“The largest annual expense [that the VAF supports] is the scholarship bill,” Katstra said. “This year that expense is projected to be $21 million. Eighty percent of that expense is funded by our annual fund and the other 20 percent is funded by endowed scholarships that donors have established.”

In addition to scholarships, the Annual Fund supports a portion of the operational budgets of Virginia’s Olympic sports — including recruiting, travel and equipment costs — as well as a portion of the academic affairs budget, which includes expenses related to tutoring, mentorship and other support services.

The Annual Fund includes “gifts made by U.Va. fans including alumni, student-athlete alumni, friends and businesses” according to the VAF’s website. In 2019 particularly, over 11,000 donors contributed to the Annual Fund with University alumni contributing the most.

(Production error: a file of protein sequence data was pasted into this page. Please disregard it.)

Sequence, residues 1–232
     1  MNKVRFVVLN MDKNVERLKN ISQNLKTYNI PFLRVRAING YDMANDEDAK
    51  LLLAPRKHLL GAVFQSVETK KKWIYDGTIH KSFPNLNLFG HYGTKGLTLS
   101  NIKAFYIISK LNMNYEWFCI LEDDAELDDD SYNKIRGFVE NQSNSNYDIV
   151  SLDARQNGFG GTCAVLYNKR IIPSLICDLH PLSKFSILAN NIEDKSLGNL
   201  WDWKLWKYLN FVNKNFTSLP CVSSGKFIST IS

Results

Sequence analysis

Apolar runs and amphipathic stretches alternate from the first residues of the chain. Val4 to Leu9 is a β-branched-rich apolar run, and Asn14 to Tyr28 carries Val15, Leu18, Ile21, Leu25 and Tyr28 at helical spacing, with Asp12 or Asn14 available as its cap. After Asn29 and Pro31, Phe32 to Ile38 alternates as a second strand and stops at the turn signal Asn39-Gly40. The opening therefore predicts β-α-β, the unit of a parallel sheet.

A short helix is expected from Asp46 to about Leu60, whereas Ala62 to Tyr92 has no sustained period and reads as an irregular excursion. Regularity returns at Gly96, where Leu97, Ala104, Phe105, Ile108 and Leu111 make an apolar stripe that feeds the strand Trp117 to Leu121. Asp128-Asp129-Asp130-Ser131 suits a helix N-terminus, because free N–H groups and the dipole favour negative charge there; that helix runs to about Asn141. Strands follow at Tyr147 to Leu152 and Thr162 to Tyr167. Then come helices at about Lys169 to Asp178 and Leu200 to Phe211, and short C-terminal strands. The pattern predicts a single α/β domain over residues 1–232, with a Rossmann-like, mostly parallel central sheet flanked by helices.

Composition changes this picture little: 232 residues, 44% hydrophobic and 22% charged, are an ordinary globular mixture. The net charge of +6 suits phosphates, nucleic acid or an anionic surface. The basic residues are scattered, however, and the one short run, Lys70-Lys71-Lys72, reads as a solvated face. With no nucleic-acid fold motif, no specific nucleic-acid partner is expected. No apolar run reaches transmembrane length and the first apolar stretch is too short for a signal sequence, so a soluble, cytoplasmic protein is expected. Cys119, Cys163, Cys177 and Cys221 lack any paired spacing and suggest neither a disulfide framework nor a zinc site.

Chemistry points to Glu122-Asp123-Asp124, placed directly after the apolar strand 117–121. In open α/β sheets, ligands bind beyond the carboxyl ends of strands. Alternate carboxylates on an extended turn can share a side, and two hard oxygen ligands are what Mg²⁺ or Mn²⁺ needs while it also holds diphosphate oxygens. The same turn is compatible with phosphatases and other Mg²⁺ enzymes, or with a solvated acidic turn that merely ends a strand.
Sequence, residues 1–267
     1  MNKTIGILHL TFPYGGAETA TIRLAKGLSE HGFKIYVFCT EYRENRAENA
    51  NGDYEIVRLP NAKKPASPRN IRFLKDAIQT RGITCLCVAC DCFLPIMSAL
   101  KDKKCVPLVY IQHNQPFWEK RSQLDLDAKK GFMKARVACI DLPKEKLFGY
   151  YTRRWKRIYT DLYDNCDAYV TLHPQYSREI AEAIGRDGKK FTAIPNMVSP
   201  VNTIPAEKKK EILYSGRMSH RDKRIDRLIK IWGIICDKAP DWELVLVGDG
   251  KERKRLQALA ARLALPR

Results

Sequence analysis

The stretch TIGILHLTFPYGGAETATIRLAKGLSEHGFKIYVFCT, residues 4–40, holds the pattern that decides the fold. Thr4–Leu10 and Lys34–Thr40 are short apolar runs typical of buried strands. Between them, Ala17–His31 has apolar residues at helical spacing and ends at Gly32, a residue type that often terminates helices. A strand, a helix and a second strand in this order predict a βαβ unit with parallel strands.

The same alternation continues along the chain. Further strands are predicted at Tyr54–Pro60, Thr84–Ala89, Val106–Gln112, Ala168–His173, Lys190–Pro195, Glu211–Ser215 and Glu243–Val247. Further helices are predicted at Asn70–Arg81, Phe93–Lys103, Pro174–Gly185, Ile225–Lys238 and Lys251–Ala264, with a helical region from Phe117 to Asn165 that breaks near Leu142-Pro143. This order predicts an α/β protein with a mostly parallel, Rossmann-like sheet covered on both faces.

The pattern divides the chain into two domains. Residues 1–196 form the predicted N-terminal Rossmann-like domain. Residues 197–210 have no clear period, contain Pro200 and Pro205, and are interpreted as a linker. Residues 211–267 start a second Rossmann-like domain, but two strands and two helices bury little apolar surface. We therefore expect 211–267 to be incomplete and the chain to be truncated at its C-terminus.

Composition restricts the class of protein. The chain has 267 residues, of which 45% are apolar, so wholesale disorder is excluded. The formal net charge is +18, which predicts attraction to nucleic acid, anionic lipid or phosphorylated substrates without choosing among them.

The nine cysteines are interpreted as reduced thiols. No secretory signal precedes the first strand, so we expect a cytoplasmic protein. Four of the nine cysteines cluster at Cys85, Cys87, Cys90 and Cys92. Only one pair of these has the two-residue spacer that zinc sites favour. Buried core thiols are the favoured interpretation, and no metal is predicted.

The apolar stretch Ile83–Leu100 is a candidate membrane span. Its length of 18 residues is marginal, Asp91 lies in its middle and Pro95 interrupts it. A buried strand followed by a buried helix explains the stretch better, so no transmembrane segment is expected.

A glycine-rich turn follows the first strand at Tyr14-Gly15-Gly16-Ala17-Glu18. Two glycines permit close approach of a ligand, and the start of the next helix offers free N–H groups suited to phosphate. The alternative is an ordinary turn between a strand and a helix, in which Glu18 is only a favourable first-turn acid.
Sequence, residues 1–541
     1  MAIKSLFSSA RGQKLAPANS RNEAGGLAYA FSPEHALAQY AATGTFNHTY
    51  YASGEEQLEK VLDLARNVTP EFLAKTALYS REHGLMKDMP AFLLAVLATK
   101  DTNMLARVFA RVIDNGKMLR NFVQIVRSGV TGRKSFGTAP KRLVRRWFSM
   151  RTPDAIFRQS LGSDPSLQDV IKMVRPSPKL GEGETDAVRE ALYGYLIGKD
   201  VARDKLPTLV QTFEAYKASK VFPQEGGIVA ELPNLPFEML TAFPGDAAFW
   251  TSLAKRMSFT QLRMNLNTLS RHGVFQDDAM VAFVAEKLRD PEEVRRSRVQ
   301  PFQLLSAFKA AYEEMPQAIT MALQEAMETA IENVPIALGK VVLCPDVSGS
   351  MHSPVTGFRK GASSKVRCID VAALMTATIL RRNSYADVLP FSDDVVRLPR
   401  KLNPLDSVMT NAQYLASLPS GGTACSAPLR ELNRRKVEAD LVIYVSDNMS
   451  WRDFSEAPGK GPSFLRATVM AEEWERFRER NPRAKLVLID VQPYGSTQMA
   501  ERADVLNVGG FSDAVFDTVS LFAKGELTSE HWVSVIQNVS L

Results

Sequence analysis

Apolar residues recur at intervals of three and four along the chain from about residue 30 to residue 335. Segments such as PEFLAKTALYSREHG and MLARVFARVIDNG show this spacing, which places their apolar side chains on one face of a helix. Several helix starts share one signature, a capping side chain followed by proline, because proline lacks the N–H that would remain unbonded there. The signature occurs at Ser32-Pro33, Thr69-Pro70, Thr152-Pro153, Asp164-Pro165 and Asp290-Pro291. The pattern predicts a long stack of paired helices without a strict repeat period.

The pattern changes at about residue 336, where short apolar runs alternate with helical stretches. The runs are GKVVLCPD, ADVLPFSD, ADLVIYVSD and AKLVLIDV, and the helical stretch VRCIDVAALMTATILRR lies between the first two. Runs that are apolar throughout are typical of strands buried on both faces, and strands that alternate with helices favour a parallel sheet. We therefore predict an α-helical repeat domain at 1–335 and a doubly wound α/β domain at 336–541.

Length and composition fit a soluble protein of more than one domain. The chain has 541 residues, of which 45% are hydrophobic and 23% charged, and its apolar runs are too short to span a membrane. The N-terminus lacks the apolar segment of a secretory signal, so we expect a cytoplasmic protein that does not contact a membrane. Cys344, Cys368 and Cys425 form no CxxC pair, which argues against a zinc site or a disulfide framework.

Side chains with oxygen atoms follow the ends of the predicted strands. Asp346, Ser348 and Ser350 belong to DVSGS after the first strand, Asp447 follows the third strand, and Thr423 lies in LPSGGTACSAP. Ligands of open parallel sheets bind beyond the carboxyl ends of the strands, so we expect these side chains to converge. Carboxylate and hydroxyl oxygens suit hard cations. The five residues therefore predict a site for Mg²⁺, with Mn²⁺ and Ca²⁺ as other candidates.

“The majority of our donors are U.Va. alumni — approximately two-thirds of our donor base are alumni,” Katstra said. “We do have good support from student athlete alumni with over 2,300 former athletes making a contribution in 2019.”

To incentivize contributions, VAF donors receive various benefits depending on their giving level. The more an individual donates, the greater the value of the benefits provided to them. For example, donors may receive priority season tickets and reserved parking spaces for football, men’s basketball and women’s basketball games if their donation amount is large enough.

“Approximately half of our donor base are season ticket holders as well,” Katstra said. “The other half make contributions but do not access season ticket or parking benefits. Almost 60 percent of the annual fund is generated by donors contributing $6,200 or more.”

Beyond the Annual Fund, the VAF raises funds in other forms as well, including endowments for designated purposes and gift commitments to support the Virginia Athletics Master Plan.